You can vote for the Oxford Word of 2022

Oxford University Press is letting the public help decide on the Oxford Word of the Year for 2022.  

Oxford’s lexicographers are giving the public 3 candidates, defined at https://global.oup.com/news-items/homepage/vote?cc=gb&WT.ac=vote:

  • metaverse n. A (hypothetical) virtual reality environment in which users interact with one another’s avatars and their surroundings in an immersive way, sometimes posited as a potential extension of or replacement for the internet, World Wide Web, social media, etc.
  • #IStandWith Used on social media to express solidarity with a specified cause, group, person, etc.
  • Goblin Mode n. slang. A type of behaviour which is unapologetically self-indulgent, lazy, slovenly, or greedy, typically in a way that rejects social norms or expectations; frequently in in goblin mode’ or ‘go goblin mode’.
    [I presume the last few words should read: frequently in ‘in goblin mode or go goblin mode.]

Voting

Voting will close on 2 December 2022 and OUP plans to announce the winner on 5 December. You can vote at https://languages.oup.com/word-of-the-year/2022

OUP comments on the words

Strangely, that voting page doesn’t reproduce the definitions given above, though it comments as follows:

  • In ‘metaverse’, we see the conceptual future brought into the vernacular in 2022. From hybrid working in VR, to debates over the ethics and feasibility of an entirely online future, usage of this word has quadrupled in October 2022 compared to the same period last year.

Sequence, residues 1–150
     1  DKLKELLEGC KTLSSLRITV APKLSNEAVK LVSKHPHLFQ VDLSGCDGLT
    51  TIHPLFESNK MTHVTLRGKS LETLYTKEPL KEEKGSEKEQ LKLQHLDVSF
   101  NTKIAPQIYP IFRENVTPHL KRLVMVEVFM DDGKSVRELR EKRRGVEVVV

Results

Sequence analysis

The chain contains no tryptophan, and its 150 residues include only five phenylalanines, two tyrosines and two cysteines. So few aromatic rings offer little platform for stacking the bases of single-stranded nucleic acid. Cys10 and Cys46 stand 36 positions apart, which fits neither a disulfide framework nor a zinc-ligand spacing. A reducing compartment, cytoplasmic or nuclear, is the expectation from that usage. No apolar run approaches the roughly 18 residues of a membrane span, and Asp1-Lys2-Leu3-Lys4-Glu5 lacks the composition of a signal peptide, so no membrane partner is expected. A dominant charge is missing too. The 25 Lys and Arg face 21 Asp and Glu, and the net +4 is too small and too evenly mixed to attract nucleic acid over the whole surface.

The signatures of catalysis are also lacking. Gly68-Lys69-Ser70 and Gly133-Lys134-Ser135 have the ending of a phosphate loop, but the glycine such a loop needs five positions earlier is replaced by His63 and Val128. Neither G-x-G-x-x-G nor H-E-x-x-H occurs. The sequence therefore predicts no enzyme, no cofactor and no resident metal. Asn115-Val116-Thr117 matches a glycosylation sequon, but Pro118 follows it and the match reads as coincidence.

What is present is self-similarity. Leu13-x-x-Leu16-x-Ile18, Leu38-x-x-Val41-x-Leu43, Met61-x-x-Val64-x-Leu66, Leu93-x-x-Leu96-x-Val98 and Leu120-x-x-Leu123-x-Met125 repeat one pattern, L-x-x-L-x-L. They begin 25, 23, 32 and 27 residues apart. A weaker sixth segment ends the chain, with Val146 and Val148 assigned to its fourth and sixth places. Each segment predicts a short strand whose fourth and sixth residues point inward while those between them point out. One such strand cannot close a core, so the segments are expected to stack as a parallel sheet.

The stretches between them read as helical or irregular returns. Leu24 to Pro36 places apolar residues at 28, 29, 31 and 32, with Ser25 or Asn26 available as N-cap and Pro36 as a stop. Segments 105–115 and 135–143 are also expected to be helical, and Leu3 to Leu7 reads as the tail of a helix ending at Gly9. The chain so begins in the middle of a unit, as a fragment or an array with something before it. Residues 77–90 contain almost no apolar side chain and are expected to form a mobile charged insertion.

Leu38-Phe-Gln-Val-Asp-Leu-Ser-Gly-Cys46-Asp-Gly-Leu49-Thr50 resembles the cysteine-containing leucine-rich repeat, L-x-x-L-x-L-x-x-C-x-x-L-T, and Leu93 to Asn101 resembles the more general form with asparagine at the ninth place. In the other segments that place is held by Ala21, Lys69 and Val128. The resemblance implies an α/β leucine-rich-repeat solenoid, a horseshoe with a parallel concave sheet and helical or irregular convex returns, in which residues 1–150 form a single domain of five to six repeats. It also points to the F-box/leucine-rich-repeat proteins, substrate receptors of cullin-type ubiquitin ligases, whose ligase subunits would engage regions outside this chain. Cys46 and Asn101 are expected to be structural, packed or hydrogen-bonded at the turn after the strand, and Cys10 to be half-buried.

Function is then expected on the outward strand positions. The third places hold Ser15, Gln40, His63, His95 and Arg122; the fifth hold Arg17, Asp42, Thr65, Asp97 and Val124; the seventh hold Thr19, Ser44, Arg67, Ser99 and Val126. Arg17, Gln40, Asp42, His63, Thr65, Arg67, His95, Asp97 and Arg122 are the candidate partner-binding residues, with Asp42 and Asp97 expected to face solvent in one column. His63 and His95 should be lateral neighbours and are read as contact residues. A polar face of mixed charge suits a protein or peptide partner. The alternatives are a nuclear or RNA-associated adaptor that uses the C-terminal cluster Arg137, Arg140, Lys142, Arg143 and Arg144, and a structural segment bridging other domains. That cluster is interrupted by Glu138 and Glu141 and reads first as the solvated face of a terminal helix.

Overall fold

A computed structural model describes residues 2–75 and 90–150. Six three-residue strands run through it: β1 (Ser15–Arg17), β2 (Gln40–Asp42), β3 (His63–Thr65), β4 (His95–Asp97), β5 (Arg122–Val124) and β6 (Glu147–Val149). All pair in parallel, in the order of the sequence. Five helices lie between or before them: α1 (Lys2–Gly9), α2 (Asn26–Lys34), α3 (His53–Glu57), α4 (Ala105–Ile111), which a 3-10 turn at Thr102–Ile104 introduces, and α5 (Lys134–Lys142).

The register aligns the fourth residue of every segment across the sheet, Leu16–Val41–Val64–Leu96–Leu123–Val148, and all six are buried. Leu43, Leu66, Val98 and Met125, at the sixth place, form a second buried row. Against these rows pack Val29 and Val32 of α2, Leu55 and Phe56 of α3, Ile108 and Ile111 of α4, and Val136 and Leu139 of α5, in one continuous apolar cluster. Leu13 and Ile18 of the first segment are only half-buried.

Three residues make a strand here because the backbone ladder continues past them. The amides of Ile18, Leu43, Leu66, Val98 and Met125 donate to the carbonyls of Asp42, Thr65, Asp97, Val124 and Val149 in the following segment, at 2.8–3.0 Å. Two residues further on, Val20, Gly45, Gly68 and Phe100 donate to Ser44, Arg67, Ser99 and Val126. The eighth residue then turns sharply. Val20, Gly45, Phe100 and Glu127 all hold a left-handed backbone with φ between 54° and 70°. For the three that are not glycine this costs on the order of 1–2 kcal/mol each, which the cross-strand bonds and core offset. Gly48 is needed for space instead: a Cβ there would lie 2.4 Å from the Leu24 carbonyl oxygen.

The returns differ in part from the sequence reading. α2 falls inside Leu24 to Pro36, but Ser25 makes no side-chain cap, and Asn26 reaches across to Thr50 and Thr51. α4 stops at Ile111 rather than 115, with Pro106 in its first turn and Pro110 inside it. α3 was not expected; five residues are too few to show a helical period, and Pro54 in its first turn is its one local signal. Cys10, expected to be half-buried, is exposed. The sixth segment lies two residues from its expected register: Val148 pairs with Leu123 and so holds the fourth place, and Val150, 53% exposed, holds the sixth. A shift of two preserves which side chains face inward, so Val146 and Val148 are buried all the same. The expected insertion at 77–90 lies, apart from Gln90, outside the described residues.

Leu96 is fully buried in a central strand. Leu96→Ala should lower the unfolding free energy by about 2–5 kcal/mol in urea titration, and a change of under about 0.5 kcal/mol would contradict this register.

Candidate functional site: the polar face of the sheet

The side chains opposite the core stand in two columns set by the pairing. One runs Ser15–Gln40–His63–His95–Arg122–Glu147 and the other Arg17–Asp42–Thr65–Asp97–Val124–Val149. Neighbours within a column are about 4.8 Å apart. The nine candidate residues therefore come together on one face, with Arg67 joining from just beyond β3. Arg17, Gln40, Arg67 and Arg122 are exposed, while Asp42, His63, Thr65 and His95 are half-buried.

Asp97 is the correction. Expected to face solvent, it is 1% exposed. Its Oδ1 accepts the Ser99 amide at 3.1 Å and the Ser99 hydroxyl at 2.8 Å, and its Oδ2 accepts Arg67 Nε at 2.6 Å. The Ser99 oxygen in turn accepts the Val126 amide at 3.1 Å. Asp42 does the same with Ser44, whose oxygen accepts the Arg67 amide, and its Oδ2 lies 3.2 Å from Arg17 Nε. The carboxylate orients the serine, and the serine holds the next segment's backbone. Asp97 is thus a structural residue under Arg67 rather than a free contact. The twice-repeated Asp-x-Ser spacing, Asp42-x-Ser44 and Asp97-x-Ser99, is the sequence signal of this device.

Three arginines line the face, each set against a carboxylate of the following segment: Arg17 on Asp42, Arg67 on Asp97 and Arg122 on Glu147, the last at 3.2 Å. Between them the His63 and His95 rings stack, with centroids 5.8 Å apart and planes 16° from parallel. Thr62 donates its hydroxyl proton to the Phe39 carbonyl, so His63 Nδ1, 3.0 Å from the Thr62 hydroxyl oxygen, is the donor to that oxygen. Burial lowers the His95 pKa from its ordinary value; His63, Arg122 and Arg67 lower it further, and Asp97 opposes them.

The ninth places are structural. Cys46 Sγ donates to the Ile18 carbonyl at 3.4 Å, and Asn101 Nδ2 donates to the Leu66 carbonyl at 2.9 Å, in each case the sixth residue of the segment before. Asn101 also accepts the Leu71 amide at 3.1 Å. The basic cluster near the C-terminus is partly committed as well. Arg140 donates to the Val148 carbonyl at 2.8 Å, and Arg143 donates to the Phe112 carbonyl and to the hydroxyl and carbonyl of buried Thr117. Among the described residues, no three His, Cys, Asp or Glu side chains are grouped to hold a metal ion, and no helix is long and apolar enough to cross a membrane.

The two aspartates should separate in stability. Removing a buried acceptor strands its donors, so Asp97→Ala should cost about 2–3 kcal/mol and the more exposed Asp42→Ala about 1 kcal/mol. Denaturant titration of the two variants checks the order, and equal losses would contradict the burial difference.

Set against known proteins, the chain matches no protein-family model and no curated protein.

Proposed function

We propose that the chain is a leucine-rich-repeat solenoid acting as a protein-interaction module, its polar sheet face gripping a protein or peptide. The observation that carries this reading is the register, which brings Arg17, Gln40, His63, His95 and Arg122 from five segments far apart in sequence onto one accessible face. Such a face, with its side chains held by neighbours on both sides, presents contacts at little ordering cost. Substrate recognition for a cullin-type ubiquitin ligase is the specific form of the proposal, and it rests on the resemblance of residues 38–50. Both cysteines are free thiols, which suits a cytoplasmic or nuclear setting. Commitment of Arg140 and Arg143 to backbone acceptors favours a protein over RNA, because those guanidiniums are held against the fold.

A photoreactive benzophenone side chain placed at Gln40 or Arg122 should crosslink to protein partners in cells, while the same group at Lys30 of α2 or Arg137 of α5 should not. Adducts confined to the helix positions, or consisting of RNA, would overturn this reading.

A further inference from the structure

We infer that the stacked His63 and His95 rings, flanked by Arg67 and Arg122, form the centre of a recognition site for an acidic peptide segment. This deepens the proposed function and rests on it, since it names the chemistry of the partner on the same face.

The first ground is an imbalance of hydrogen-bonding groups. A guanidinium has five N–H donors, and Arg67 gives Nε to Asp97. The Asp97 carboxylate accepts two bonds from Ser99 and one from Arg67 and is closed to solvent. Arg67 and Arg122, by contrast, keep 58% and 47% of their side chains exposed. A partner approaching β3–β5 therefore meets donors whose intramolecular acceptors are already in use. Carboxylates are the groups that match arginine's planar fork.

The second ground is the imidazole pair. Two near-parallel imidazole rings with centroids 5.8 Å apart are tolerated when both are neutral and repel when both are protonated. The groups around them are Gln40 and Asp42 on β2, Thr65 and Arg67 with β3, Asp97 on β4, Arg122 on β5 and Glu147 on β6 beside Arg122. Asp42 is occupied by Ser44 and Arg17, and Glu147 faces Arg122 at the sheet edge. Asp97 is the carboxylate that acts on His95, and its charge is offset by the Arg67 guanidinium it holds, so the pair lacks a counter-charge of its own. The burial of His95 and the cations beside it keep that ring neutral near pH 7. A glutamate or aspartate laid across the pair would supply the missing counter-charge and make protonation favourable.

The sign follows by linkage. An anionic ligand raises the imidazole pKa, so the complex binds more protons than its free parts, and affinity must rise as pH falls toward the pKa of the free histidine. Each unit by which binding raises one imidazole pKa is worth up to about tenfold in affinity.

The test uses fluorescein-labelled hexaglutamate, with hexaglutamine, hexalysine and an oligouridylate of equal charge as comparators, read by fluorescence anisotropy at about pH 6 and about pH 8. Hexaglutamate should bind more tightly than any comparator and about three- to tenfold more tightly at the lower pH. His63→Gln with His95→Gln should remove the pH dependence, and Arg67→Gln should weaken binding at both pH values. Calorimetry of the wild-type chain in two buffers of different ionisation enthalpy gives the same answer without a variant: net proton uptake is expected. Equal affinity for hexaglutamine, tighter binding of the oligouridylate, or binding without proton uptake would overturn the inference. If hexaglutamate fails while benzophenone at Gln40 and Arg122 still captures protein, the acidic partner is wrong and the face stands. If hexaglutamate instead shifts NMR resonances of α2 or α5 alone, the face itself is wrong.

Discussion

• ‘#IStandWith’ recognizes the activism and division that has characterized this year. From war in Ukraine, to the Depp v. Heard lawsuit, this ‘word’ coined on social media to align your views to a cause or person can often further foster dispute (and sometimes even hate speech) in its polarizing nature.
  • ‘Goblin mode’ is another relatively new concept: the idea of rejecting societal expectations put upon us, in favour of doing whatever one wants to. Early usage dates back to 2009/10, but as we emerged from lockdowns all over the world, the phrase has been coined in rejection of returning ‘back to normal’ after a fake ‘quote’ from Julia Fox brought the term back into the mainstream.

Other words of 2022 and before

To see the Collins Word of 2022, other 2022 words highlighted by Collins, and Oxford and Collins Words for recent years, please see https://languagemiscellany.com/2022/11/collins-words-of-2022

And the winner is…

goblin mode https://languagemiscellany.com/2022/12/oxbridge-words-of-2022/

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